What happens when you put crazy gun dealers, Irish Revolutionary Army (IRA) fighters, businessmen and psychopathic below-the-line criminals in a warehouse? Ben Wheatley’s “Free Fire” is what happens.
This slow-paced, intentionally awkward action film deviates slightly from what you would expect an action film to be. Yes, there are guns, lots of violence, blood and a crazy amount of profanity. Nonetheless, “Free Fire” is special in that it features one long, painfully stretched shoot-out in which everyone’s survival desire clashes with one another. Almost the entirety of the 90-minute film happens within the confinements of a warehouse, thus following a narrative trope similar to siege films.
Set during the 1970s when Northern Ireland’s political conflict escalated dramatically, “Free Fire” sets off when a couple of IRA fighters led by Chris (Cillian Murphy) meet up in a forsaken warehouse in Boston to finalize a gun purchase deal with a psychopathic gun dealer named Vernon (Sharlto Copley) and his associates. In between, we have Justine (Brie Larson), who is to be the intermediary between both parties, and Ord (Armie Hammer), who seems to be a neutral representative of some sort. It all seems to go as planned until the most idiotic feud between one of the not-so-important associates present during the deal triggers a deadly shoot-out that forces both the characters and the audience itself to stay put and try and guess who will be the last person standing.
Apart from functioning as a siege film of sorts, the characters portrayed are so dysfunctional that “Free Fire” could qualify as being part of the “ship of fools” film trope as well. Such trope is a narrative device in which a group of dysfunctional and mostly selfish characters is “trapped” in one single space, battling not only physically against each other but also with their own selfish tendencies. Other films that are known to have done that are Ridley Scott’s “Alien” and John Ford’s “Stagecoach.” In fact, the film borrows a lot of the artistic style and pacing that overruns some of Quentin Tarantino’s filmography, specifically two films that end with meticulous shoot-outs like “Reservoir Dogs” and “The Hateful Eight.” However, instead of jumping back and forth between flashbacks and the present day like Tarantino does, “Free Fire” uses real-time chronology to depict its story, which means that the story, for the most part, took place in the 90 minutes of the film’s duration.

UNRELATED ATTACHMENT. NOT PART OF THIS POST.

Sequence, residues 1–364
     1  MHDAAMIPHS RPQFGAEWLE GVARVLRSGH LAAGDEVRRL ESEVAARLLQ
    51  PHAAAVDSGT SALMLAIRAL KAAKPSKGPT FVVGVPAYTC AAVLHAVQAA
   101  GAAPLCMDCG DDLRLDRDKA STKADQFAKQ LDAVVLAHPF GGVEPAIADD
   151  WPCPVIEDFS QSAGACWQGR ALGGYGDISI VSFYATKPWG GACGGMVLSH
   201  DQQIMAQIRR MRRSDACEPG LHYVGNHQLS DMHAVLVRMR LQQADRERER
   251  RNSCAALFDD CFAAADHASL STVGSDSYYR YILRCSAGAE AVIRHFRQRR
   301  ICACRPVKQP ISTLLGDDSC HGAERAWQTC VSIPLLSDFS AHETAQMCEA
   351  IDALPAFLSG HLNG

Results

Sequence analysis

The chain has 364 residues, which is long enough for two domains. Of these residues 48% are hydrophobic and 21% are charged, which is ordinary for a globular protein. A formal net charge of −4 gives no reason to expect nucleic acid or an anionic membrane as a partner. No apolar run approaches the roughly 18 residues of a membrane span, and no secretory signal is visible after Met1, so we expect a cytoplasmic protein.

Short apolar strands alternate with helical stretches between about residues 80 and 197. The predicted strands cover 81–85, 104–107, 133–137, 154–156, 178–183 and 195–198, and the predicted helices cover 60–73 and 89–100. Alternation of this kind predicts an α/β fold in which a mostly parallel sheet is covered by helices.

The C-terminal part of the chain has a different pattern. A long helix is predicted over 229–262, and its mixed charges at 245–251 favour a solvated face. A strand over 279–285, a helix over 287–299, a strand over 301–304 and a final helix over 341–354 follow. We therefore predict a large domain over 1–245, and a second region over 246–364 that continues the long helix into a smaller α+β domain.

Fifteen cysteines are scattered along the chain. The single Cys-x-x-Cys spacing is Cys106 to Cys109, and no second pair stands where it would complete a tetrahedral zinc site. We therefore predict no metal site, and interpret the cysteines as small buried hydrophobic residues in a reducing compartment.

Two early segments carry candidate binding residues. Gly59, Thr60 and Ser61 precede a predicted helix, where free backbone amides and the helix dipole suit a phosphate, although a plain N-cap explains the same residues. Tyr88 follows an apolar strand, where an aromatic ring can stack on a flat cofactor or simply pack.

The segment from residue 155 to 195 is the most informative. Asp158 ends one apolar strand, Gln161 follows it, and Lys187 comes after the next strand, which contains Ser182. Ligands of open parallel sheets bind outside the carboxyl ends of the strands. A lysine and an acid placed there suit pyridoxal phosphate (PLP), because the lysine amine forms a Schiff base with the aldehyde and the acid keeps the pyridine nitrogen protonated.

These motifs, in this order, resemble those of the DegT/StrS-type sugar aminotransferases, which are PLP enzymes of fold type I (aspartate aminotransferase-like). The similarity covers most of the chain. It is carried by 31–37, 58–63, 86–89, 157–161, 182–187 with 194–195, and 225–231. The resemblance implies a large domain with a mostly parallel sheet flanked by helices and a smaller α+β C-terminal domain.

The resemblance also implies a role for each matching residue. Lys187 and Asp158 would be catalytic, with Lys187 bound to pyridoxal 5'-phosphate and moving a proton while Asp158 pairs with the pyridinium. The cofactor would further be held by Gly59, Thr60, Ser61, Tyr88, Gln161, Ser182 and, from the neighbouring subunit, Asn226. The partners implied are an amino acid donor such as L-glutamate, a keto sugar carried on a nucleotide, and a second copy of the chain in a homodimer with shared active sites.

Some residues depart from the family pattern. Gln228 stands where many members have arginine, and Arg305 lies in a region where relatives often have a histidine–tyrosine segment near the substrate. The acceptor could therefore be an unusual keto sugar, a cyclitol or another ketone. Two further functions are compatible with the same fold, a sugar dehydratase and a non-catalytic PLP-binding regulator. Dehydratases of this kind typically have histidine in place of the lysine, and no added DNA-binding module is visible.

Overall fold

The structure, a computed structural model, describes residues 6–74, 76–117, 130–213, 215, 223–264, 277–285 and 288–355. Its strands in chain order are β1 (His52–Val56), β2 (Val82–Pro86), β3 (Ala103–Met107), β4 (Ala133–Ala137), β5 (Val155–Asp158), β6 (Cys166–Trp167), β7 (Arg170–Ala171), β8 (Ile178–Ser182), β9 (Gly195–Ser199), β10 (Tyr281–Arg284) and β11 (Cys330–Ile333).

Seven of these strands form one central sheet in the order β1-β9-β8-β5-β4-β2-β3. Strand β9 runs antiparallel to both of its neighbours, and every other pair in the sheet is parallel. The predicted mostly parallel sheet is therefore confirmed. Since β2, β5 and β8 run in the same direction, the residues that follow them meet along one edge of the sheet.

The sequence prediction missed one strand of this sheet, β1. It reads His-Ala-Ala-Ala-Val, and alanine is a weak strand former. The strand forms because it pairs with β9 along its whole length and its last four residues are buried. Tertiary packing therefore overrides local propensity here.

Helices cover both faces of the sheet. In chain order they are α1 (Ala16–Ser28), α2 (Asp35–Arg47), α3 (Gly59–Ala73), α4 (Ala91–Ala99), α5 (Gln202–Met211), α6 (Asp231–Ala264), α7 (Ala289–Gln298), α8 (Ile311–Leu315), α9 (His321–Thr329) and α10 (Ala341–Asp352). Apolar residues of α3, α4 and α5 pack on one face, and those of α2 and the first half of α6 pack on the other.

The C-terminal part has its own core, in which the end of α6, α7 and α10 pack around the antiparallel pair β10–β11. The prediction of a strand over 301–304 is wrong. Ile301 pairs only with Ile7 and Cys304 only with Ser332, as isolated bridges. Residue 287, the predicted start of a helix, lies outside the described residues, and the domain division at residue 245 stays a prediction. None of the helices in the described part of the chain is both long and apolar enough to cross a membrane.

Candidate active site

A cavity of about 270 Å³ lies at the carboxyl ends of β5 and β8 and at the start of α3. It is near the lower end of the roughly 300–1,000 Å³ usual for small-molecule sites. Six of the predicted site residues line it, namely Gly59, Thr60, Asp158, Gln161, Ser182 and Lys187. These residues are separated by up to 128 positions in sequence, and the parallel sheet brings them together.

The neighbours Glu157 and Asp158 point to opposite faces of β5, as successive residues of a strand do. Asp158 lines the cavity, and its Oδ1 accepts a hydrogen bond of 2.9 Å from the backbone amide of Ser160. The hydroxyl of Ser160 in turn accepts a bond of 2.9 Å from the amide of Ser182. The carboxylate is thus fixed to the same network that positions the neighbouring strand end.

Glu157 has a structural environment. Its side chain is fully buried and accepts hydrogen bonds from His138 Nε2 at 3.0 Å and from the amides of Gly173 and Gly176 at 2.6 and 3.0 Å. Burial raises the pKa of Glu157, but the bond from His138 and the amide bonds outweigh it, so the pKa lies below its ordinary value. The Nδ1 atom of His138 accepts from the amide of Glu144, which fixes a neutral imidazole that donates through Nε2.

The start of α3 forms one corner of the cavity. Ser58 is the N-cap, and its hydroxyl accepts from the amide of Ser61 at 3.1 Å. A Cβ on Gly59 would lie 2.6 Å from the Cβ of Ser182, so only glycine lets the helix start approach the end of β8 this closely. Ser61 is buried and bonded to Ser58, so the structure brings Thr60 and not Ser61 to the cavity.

The above is crucial to the experience of the film because, for starters, once you figure out the trick the film is trying to pull, you are on the edge of your seat wondering how could anyone escape such an imminent ill-fated demise. Secondly, it allows the filmmakers to catch the audience off guard with twists that are puzzling enough to place us with the characters as if we were part of the shootout. And thirdly, it is simply such a relief to break free from the conventionality of the structure of an action film that I was so grateful for the attempt of doing something different.
The cast is quite good most of the time because all of them are rightfully over-the-top and ridiculous – something that most audience members might find difficult to relate to. But in several ways, by having extremely extravagant characters, “Free Fire” is aware of itself as a ridiculous action comedy. Larson confirms, once again, how fierce she is with her craft as the only woman in a group of sexist machos. However, the standout for me was Jack Reynor as one of the associates responsible for instigating the whole charade – he was just hilarious.
However, the downside of having these types of characters is that the filmmakers run the risk of having over-the-top characters that are just too much to bear, which I feel happened with Copley as Vernon, the gun dealer. Apart from the fact that I could barely discern the words coming out of his mouth (he has some broken version of the white South African accent), his character was blatantly treated as the main comic relief of the film, but his flare turned off fairly quickly for me. One thing is for sure: regardless of the fact that we are not to take these numerous characters seriously, this also prevents us from even remembering who is who in the film, which felt disjointed at times and is partly why I believe this film feels aloof from the audience.
At the end of the day, I surprisingly enjoyed “Free Fire.” Even if I believe that it still is a novice approach at doing something innovative, I really admire its intentions and I look forward to seeing what Wheatley’s filmmaking career has in store for us. “Free Fire” is a fun film and should offer something entertaining and relatively new amid the bad films being released in this blue, post-Oscar movie season.